SALEM — During a roundtable discussion held at the Salem police station Friday afternoon, state and local law and health professionals agreed that a broad approach is necessary when it comes to stemming the state’s growing heroin epidemic.
Led by U.S. Sen. Jeanne Shaheen, D-N.H., the meeting was attended by police from several Granite State communities and state Attorney General Joe Foster along with various members of the state’s drug treatment community.
According to the New Hampshire Department of Health and Human Services (NHDHHS), the number of people admitted to state treatment programs increased 90 percent for heroin use and 500 percent for prescription drug use over the last 10 years, with the largest increases in just the last two years.
Law enforcement officials have also seen a spike in crimes associated with drug use — like burglaries, assaults and property crimes — and according to NHDHHS, 64 people died in heroin-related deaths last year.
According to New Hampshire State Police, the problem has also become apparent during regular traffic patrols, with heroin often the culprit nowadays in impaired-driving arrests.
Salem Police Chief Paul Donovan noted the state statistics are in line with what he’s experiencing each day on the job.
“It’s been nonstop,” he said. “Most of the arrests we’ve been making recently end up involving some type of drug abuse.”
Salem Police Lt. Kevin Fitzgerald said the situation in his community is particularly challenging, with Salem being a border town.
“Lawrence, (Mass.), has been doing a great job lately with its drug enforcement efforts,” Fitzgerald said. “But the side effect is it’s pouring over into Salem. We’re trying to get the manpower to deal with it all.”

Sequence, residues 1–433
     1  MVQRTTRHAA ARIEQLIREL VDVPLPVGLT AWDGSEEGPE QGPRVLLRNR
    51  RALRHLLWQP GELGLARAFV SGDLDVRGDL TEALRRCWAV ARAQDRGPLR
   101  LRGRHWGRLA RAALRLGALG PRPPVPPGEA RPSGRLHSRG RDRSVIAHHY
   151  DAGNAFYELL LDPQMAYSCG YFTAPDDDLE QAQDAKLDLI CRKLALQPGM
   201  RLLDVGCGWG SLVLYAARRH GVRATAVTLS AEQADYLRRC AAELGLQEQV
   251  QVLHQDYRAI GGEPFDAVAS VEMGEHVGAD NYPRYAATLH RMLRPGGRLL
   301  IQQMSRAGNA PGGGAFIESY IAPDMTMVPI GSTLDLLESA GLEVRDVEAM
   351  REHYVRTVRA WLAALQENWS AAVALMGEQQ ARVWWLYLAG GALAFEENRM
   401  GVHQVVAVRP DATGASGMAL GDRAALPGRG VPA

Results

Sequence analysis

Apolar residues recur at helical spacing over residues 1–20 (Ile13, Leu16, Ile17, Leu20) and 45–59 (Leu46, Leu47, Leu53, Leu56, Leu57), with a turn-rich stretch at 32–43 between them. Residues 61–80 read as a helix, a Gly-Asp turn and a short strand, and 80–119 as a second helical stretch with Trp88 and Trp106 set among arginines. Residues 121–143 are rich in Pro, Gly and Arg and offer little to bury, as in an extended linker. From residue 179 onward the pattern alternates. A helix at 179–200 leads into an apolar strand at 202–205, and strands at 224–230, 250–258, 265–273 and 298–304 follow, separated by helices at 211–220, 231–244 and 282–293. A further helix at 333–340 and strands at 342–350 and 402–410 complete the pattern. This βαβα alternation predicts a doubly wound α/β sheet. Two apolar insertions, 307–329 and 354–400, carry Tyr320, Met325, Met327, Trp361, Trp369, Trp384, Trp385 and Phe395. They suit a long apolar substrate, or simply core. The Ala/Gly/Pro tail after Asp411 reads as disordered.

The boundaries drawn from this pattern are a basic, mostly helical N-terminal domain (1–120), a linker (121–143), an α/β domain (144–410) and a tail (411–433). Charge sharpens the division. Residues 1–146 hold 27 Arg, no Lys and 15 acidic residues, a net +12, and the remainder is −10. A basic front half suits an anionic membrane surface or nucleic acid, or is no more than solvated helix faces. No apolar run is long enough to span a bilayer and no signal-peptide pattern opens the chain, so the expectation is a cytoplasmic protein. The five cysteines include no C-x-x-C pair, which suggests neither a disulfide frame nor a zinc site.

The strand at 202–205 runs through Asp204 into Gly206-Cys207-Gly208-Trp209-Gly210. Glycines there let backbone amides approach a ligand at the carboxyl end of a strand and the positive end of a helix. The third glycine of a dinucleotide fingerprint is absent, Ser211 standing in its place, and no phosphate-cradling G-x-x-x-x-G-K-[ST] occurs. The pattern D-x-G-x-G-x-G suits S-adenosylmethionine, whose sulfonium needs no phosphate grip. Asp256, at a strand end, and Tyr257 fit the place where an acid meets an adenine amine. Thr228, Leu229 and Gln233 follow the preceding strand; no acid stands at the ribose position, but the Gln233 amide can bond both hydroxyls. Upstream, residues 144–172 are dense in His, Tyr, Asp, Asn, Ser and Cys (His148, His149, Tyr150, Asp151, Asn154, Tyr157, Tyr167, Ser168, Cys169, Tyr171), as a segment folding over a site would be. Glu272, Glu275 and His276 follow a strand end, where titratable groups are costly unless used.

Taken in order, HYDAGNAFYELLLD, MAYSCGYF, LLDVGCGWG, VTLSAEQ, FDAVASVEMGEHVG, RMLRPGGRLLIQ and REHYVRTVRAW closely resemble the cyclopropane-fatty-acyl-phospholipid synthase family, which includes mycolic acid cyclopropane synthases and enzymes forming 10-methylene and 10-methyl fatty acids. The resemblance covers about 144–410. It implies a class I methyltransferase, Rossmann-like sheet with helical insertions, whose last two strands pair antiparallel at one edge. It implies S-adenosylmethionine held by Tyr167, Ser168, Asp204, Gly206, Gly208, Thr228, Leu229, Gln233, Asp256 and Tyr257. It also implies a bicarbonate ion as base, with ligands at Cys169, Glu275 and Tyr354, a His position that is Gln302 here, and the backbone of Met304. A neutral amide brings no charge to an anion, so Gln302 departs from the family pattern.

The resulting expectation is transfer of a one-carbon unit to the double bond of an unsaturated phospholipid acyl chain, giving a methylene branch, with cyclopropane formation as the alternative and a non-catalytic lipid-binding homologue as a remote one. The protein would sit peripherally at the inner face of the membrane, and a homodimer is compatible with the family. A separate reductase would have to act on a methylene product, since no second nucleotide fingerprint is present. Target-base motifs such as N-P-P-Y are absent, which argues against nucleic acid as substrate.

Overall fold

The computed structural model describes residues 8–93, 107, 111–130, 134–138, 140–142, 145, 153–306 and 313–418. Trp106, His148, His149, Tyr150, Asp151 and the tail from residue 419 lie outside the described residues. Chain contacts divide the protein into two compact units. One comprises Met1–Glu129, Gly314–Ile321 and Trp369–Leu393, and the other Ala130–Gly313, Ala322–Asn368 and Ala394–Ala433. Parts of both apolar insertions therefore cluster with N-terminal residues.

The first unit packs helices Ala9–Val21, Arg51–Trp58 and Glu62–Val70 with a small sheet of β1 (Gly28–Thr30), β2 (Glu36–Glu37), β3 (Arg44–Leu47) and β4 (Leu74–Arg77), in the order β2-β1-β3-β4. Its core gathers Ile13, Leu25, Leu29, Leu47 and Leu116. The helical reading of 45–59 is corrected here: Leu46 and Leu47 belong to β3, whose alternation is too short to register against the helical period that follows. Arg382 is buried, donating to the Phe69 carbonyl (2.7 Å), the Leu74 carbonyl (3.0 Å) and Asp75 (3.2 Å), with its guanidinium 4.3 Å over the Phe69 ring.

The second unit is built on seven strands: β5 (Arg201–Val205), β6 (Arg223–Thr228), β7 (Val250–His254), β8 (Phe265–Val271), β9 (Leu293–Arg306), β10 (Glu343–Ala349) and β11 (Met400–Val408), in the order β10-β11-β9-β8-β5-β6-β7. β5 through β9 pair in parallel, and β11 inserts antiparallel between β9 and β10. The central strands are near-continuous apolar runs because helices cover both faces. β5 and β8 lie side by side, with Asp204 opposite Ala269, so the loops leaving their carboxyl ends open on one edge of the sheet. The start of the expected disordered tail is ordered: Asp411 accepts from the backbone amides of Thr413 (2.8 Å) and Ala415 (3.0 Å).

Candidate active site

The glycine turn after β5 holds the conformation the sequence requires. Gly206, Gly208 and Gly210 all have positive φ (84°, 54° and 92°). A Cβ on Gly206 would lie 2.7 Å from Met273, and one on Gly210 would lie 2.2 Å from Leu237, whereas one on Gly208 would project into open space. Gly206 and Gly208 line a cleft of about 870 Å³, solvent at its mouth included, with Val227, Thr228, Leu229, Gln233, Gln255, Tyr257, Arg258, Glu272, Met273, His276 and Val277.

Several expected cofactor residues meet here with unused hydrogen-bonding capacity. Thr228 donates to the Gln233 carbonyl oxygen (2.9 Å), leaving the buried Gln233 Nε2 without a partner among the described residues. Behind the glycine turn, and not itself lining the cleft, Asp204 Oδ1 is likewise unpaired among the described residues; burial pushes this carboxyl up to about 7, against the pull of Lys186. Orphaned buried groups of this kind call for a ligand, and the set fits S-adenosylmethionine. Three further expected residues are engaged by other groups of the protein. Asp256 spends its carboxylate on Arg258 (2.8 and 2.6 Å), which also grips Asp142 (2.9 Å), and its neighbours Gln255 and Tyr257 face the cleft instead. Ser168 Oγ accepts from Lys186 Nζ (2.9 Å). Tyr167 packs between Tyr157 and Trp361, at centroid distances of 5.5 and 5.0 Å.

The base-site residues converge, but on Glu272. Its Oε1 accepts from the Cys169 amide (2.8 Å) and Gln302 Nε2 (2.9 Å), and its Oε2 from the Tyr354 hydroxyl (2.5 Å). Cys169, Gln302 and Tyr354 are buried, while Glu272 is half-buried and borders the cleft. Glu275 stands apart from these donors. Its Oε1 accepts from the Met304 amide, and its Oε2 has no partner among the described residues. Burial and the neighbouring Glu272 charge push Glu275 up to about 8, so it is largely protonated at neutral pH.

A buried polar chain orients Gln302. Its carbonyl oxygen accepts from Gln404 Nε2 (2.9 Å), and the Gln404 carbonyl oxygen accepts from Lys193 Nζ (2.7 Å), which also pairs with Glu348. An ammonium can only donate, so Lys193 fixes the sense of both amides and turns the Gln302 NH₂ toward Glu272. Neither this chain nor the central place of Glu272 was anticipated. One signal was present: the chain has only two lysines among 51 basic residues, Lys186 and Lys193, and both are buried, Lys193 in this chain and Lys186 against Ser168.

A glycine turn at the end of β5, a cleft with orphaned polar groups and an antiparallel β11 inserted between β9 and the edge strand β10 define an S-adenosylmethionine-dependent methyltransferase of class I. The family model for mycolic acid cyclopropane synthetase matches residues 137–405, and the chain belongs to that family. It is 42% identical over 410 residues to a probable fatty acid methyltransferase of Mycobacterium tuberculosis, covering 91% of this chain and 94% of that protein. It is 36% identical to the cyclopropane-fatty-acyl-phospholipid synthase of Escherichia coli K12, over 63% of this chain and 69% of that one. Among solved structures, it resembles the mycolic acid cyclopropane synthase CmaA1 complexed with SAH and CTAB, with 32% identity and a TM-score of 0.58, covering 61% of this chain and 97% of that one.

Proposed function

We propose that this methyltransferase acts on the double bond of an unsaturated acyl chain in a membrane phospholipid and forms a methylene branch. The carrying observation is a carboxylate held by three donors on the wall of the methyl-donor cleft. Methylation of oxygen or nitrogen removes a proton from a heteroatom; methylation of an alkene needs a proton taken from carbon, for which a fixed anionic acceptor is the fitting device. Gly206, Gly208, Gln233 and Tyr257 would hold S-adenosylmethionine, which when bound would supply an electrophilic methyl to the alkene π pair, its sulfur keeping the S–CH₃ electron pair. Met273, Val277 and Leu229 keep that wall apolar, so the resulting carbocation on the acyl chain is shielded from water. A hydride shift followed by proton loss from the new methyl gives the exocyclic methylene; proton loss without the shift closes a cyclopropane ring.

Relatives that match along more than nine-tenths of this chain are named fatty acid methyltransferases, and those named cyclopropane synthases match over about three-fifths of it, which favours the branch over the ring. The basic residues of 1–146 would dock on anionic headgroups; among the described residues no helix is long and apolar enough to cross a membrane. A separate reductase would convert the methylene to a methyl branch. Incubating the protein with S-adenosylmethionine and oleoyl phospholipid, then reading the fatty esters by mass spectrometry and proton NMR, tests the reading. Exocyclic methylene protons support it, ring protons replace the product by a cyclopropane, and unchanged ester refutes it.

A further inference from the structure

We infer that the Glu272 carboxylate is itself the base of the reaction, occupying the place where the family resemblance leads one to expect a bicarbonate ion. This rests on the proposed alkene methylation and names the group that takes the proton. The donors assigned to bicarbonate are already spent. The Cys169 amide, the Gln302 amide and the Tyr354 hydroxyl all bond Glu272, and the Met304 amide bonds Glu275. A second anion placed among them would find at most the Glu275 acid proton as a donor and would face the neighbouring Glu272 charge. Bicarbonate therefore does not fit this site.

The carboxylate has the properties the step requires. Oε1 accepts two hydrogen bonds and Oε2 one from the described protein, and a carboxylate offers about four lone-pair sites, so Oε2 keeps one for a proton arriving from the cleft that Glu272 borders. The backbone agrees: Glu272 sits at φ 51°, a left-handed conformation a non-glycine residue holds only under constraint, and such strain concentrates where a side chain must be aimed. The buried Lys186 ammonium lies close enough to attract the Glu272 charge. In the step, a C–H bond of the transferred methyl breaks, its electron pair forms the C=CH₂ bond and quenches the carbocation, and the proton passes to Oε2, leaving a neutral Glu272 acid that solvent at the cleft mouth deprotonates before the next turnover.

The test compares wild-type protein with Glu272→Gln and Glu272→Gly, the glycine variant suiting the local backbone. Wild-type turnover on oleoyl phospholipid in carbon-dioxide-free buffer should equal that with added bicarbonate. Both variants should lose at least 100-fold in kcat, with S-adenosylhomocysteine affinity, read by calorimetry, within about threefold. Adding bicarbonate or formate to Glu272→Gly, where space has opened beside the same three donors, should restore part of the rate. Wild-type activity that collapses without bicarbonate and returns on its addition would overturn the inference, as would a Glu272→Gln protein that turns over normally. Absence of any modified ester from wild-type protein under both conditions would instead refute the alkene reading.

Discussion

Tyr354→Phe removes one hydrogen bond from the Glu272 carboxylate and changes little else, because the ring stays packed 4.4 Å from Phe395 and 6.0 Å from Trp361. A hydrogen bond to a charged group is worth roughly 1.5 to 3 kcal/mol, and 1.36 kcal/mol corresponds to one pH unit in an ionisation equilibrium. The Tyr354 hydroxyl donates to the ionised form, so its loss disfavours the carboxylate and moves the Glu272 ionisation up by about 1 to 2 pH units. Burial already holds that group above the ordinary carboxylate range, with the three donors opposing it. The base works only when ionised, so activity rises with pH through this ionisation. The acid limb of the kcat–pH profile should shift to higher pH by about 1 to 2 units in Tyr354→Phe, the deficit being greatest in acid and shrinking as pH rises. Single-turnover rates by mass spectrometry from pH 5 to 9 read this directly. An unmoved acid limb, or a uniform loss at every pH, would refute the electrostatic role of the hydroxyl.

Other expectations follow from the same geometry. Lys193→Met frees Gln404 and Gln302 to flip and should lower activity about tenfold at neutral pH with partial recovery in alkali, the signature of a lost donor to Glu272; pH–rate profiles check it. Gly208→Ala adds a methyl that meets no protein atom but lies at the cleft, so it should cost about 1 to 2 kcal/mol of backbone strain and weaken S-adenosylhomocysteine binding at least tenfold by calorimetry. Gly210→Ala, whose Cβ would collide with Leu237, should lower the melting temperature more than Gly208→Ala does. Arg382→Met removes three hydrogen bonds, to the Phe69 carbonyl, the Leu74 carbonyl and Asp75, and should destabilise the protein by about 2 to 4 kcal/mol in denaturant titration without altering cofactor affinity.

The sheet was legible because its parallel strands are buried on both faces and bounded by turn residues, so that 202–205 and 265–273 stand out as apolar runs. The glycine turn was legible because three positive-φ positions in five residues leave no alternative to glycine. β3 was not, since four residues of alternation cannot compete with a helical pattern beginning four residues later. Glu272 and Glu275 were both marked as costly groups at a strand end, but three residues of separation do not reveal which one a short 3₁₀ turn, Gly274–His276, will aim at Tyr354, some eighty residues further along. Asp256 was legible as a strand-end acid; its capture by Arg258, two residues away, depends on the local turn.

Nashua Police Chief John Seusing said drug-related robberies likewise have been on the rise locally since this past summer.
“Right now we’re trying to strike a balance between making arrests of drug dealers while offering resources to those in need of help,” said Corey MacDonald, Portsmouth deputy police chief.
“Heroin is the biggest problem we’re facing right now,” said Scott Sweet of the AG’s Drug Task Force. “And it’s clear we can’t just arrest our way out of it.”
Salem Police prosecutor Jason Grosky said he fears what the coming years might bring if the problem isn’t addressed soon, noting that drug abusers are getting younger.
“We’re seeing a high level of 14- and 15-year-olds that are already hooked on heroin and prescription opiates,” Grosky said. “The number of kids we have on juvenile probation right now is simply astounding: it’s way higher than it was three or four years ago.”
Foster said one goal right now is to work towards the mission of enacting legislation to ensure substance-abuse treatment is covered under the recent changes to state and federal health care, making addiction services more readily available to at-risk populations.
“I know treatment is a very challenging issue,” she said. “Because right now we don’t have enough professionals or enough facilities.”
Annette Escalante of the Keystone Hall treatment facility in Nashua, said she feels hopeful about the recent implications of the state’s Medicaid expansion, but worries about meeting the growing demands.
Dr. Seddon Savage, a researcher at the Dartmouth Center on Addiction, Recovery & Education who also serves on the Governor’s Commission on Alcohol and Drug Abuse, stressed the importance of making long-term patient maintenance a priority while developing a treatment plan to help avoid relapses.
State health officials also emphasized the need to approach addiction from a different perspective, treating it as a disease rather than a crime.
Current statistics estimate somewhere between 75 to 95 percent of the state’s prison population has some type of substance abuse problem.
“I think it’s important that drug dealers are dealt with harshly,” Seusing said. “But as for the ones committing crimes in the name of their addictions, they need to be treated.”